verb (used with object), ad·vanced, ad·vanc·ing.
verb (used without object), ad·vanced, ad·vanc·ing.
- attempts at forming an acquaintanceship, reaching an agreement, or the like, made by one party.
- actions or words intended to be sexually inviting.
- a giving beforehand; a furnishing of something before an equivalent is received: An advance on his next month's salary permitted him to pay his debt on time.
- the money or goods thus furnished: He received $100 as an advance against future delivery.
- copy prepared before the event it describes has occurred: The morning papers carried advances on the ceremony, which will take place tonight.
- a press release, wire-service dispatch, or the like, as one containing the text or partial text of a speech, sent to arrive in advance of the event to which it is related.Compare release copy.
- publicity done before the appearance of a noted person, a public event, etc.: She was hired to do advance for the candidate.
- a person hired to do advance publicity for an event: He is regarded as the best advance in the business.
- advance corporation tax,
- advance directive,
- advance fee,
- advance guard,
- advance man
Origin of advance
Examples from the Web for advances
The jet engine instantly brought two advances over propellers: it doubled the speed and it was far more reliable.Flight 8501 Poses Question: Are Modern Jets Too Automated to Fly?|Clive Irving|January 4, 2015|DAILY BEAST
In fact, these kinds of advances helped give religion another huge window of opportunity for racial reconciliation in the 1960s.
Throughout the 1990s, advances in chemistry led the materials solidify more quickly, thus making 3D printing more useful.
In the last few days U.S. airstrikes have slowed the ISIS advances, but not enough.Kobani is Falling to ISIS in Syria. Kurd Protests Explode in Turkey.|Jamie Dettmer|October 10, 2014|DAILY BEAST
Advances in communication and social media have changed the way we interact with each other in a number of different ways.
As the afternoon advances, for variation, there is a fight at the barriers.Life on a Mediaeval Barony|William Stearns Davis
No; it were better, after all, that no advances should be made now.A Bride from the Bush|E. W. (Ernest William) Hornung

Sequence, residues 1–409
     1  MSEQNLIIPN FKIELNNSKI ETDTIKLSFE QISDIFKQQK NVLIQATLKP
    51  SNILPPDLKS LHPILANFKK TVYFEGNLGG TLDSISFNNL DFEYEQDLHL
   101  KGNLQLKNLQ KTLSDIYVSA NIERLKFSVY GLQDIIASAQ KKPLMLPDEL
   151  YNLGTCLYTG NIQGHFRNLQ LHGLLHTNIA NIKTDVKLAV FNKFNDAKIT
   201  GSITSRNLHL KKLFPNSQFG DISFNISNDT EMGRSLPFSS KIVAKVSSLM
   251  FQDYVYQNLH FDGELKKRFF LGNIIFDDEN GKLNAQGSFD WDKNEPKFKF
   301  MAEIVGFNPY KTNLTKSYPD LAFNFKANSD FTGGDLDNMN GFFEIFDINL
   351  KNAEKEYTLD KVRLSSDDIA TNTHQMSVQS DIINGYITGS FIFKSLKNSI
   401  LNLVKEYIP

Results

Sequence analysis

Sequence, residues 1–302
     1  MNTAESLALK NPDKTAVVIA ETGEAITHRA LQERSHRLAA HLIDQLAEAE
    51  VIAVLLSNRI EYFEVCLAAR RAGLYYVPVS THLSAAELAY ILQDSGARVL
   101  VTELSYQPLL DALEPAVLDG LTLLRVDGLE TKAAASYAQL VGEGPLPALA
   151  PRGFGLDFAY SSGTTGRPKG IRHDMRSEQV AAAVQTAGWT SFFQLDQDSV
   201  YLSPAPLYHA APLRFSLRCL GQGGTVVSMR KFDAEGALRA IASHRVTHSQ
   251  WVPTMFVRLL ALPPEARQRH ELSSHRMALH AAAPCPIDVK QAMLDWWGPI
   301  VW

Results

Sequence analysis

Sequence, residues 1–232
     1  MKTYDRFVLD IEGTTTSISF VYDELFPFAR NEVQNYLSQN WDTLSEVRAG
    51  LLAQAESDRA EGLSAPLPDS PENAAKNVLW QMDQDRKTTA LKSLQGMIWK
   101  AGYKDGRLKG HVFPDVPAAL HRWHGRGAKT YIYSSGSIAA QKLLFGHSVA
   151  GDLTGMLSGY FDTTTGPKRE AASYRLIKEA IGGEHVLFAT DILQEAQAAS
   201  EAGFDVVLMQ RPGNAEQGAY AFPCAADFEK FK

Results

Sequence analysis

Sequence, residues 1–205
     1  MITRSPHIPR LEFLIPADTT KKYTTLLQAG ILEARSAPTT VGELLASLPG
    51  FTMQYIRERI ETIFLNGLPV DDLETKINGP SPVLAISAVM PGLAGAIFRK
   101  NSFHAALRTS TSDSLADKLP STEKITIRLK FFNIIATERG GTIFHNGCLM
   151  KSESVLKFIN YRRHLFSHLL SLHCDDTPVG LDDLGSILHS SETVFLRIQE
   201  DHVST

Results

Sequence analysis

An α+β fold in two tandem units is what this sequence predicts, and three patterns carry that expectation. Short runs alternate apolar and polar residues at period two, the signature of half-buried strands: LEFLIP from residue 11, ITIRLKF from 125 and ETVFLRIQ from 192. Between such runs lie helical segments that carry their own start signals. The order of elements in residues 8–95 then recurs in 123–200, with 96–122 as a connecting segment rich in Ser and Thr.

Gracefully she raises her veil over her Spanish hood, and advances cautiously, as the old man closes the door behind her.An Outcast|F. Colburn Adams
At first, no doubt, as Lady Anne looked upon the advances of Richard.The Guardian Angel|Oliver Wendell Holmes, Sr.
I am extremely proud of the advances we have made in ensuring equality and protecting the basic freedoms of all Americans.
- the supplying of commodities or funds before receipt of an agreed consideration
- the commodities or funds supplied in this manner
- (as modifier)an advance supply
- beforehandpayment in advance
- (foll by of)ahead in time or developmentideas in advance of the time
Word Origin for advance
c.1300, "boasting, ostentation," from advance (v.). Early 15c. as "advancement in rank, wealth, etc." Advances "amorous overtures" is from 1706.
mid-13c., avauncen, transitive, "improve (something), further the development of," from Old French avancier "move forward" (12c.), from Vulgar Latin *abanteare (source of Italian avanzare, Spanish avanzar), from Late Latin abante "from before," composed of ab- "from" (see ab-) + ante "before, in front of, against" (see ante).
The -d- was inserted 16c. on mistaken notion that initial a- was from Latin ad-. From c.1300 as "to promote;" intransitive sense is mid-14c., "move forward." Meaning "to give money before it is legally due" is first attested 1670s. Related: Advanced; advancing. The adjective (in advance warning, etc.) is recorded from 1843.
see in advance; make advances.